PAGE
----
Admit it: You've often longed for a video game where Friedrich Hayek and Ludwig von Mises battle the forces of totalitarianism by shooting dollar signs out of their hands–The Revenge of the Austrians. Now, finally, this dream can be a reality.
Microsoft announced yesterday that it plans a fall release of a basic version of the tools required to write games for PC and Xbox. Amateurs can get the software for free, and users who become part of the "creators club" (for a relatively cheap $99 a year) can build, test, and share versions playable on an ordinary Xbox game console.
In retrospect, it's surprising that it took this long–lots of the geeks who write code for Linux and make AMVs are gamers, too. They've been tinkering on the edges for years, of course, but real game production has been the exclusive province of studio with huge budgets and full-time staff.
Microsoft thinks we're ready for the revolution now, as opposed to Sony's failed effort in 1997, because of the massive cultural shift taking place from what Lawrence Lessig calls a Read-Only culture to a Read-Write culture. Scott Henson, a director for Microsoft's game developer group was quoted in the New York Times acknowledging that "we're going from a monologue world to a dialogue world" and expressing the hope that XNA Game Studio Express will the YouTube for gamers.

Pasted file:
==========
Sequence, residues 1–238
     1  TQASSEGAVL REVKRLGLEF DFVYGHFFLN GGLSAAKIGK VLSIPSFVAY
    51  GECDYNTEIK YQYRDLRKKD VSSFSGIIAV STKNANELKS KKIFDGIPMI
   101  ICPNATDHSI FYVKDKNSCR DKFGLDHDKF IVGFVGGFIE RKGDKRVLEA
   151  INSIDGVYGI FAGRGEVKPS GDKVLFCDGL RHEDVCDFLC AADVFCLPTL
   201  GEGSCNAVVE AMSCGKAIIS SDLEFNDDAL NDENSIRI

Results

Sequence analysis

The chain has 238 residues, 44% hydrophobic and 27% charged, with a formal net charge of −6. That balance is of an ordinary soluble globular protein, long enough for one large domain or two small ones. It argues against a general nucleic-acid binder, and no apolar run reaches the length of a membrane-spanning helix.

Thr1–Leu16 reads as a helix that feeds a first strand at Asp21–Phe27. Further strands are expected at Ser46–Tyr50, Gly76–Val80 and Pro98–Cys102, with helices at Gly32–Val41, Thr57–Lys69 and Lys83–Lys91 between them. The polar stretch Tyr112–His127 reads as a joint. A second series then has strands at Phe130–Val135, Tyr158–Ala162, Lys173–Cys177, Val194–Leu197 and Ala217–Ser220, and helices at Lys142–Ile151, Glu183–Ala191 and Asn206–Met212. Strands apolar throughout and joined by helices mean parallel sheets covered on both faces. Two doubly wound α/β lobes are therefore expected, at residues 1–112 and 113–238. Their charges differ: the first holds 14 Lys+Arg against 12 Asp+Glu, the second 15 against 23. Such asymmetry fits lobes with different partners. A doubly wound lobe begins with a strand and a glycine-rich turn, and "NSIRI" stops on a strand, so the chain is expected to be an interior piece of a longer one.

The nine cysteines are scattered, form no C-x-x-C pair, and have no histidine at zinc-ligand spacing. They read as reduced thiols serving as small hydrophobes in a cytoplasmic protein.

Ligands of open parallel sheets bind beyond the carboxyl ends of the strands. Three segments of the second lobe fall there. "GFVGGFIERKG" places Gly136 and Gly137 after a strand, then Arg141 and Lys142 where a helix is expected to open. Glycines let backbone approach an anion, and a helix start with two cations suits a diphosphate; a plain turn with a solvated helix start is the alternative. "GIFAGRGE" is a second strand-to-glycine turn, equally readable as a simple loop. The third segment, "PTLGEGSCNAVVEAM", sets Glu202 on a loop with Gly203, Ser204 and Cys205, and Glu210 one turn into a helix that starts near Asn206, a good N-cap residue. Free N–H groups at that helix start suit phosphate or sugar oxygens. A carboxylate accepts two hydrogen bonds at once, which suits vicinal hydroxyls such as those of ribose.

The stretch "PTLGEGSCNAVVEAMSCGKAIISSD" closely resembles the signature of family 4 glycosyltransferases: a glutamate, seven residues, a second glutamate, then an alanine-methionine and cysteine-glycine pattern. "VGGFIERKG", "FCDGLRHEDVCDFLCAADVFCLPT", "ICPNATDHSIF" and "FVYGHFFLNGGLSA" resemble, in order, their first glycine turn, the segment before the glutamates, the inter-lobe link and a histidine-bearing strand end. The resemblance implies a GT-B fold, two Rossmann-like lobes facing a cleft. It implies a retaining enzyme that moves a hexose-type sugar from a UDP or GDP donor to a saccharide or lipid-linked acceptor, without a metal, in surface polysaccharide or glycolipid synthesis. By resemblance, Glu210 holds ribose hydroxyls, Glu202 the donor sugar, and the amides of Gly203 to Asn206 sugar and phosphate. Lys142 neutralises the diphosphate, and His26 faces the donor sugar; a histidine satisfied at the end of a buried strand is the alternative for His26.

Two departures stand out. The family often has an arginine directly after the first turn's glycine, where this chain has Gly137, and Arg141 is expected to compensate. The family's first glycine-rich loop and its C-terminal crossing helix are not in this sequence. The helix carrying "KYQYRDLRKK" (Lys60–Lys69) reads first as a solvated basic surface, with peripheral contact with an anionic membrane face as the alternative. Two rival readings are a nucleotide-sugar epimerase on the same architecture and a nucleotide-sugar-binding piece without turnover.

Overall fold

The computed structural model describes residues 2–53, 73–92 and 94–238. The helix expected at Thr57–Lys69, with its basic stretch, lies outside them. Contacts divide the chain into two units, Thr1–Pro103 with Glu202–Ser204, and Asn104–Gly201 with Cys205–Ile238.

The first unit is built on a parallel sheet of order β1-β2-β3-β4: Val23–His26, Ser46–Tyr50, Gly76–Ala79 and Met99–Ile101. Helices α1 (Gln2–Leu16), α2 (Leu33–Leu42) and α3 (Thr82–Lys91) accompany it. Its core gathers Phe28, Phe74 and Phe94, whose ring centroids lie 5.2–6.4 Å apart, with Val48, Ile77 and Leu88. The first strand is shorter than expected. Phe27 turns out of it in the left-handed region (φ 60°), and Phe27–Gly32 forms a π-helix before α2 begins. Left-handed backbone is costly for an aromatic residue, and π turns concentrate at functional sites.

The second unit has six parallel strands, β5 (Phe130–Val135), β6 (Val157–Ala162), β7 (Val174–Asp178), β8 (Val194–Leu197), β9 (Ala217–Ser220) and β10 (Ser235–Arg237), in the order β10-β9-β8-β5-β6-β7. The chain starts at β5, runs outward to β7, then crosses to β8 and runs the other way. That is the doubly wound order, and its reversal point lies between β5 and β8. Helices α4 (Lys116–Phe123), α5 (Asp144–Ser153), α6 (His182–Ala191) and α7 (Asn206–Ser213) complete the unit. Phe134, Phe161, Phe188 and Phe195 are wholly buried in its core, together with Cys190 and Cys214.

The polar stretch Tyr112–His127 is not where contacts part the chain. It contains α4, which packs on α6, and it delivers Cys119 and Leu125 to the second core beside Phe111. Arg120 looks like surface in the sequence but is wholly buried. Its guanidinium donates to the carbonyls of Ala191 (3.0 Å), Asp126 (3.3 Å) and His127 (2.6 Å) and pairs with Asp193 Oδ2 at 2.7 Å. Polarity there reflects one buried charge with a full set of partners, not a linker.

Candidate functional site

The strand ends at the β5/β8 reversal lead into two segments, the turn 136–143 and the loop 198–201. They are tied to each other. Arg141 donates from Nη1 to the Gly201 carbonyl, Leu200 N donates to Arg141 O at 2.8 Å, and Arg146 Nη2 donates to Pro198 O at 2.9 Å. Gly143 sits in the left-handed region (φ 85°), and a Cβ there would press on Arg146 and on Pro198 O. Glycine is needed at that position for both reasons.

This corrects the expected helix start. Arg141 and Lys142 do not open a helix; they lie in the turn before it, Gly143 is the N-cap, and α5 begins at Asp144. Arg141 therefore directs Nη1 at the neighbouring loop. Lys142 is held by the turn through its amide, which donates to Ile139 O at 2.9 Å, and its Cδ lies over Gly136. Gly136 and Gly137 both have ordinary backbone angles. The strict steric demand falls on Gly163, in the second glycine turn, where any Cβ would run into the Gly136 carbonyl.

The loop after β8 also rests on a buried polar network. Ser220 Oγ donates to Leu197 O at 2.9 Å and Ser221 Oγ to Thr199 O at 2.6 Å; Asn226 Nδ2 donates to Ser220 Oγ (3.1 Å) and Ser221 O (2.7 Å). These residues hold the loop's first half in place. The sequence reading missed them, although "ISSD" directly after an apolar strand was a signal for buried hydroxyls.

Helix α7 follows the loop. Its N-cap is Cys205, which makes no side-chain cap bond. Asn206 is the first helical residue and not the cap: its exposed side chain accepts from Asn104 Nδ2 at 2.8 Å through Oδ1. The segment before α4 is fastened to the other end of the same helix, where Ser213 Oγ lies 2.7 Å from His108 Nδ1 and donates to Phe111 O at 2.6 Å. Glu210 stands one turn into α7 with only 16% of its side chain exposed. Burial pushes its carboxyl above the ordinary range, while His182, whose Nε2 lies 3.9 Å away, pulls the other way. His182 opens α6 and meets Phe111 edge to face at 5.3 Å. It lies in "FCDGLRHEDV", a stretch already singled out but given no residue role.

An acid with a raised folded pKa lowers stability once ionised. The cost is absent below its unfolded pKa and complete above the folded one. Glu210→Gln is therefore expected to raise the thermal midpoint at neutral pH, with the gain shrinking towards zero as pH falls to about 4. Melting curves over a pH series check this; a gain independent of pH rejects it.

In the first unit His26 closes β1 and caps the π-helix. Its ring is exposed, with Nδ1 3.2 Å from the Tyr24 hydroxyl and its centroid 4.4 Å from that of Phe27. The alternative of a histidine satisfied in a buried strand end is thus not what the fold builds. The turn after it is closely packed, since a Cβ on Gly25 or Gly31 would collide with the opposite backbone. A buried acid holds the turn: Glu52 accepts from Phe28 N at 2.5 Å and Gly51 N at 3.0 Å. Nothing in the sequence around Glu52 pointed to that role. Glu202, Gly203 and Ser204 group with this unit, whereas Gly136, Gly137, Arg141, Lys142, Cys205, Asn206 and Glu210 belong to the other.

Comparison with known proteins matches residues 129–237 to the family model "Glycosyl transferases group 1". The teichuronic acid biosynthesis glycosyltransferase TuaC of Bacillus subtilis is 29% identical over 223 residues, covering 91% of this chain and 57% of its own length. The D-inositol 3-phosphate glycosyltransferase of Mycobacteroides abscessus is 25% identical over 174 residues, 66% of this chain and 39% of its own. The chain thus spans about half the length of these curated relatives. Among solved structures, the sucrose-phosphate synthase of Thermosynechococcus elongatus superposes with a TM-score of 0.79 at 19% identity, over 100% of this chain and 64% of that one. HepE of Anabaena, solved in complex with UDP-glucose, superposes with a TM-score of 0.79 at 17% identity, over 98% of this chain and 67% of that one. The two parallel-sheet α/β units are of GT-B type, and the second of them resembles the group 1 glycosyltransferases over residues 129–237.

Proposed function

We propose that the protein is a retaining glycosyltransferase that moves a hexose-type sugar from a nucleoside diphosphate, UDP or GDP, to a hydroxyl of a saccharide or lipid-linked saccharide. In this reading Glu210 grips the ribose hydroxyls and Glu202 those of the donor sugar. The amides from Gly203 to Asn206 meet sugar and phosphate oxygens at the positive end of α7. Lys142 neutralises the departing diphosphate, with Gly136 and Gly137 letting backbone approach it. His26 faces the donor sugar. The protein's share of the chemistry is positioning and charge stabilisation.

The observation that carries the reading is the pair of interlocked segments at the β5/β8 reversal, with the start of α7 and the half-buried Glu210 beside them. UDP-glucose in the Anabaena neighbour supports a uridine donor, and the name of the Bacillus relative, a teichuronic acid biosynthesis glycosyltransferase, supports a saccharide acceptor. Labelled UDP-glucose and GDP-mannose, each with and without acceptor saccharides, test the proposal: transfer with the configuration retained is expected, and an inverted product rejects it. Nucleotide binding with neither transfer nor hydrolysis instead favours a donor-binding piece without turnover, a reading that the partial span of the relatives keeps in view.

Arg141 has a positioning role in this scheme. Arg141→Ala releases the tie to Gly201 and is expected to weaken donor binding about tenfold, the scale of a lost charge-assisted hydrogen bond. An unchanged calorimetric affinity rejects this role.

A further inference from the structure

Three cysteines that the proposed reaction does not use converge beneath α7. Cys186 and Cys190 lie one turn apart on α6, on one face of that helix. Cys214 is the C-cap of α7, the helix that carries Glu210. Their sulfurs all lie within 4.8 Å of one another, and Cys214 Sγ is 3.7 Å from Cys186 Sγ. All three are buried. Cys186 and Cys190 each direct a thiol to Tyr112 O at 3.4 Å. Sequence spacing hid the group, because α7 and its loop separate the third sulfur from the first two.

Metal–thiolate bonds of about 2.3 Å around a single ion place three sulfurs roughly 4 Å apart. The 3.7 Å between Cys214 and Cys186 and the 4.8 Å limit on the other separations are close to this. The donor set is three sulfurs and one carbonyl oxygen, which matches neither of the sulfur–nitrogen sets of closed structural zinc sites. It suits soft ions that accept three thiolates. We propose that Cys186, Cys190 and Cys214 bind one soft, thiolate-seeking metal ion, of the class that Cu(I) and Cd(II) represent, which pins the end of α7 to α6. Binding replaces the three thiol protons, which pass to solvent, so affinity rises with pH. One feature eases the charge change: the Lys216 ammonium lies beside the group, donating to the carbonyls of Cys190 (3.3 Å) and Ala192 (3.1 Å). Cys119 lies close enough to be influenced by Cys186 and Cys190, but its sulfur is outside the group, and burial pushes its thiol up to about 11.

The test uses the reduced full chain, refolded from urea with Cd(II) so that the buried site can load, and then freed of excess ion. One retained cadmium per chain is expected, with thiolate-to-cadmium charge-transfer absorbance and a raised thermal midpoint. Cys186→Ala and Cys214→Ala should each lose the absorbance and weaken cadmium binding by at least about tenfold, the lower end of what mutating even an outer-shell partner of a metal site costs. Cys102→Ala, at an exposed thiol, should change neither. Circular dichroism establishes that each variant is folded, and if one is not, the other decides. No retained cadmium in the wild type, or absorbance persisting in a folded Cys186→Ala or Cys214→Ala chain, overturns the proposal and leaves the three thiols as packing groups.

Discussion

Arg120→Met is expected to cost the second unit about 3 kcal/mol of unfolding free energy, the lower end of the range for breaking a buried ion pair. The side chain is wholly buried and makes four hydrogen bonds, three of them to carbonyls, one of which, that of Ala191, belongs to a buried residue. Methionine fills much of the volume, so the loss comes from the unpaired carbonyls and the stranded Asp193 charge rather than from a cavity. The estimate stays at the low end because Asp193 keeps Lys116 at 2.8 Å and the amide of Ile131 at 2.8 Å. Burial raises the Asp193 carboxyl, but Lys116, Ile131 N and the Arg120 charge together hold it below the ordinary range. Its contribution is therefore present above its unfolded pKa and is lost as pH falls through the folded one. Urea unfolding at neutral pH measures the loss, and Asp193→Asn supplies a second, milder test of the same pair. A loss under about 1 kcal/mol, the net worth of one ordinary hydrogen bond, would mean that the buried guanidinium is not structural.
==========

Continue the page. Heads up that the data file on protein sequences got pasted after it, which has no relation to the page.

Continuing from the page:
The conventional wisdom casts Microsoft and other big developers as the losers in this transition, but Microsoft might not be as dumb as certain geeks claim. True, the main motivation behind this release seems to be desperation: The Xbox isn't dominating the market, and gamers are wearying of endless sequels and Hollywood retreads.
Microsoft's hope for the future, it seems, is us. As technology analyst Richard Doherty told the San Francisco Chronicle: "While some of these people can't work at Microsoft yet, you can still have that talent work for you." They're mimicking Wikipedia, My Space, YouTube, and other tools for user-generated products and content: Get people to work for free, then beg/borrow/steal/hire the best stuff.
So call me, Microsoft, if you're interested in Revenge of the Austrians. It's going to be awesome.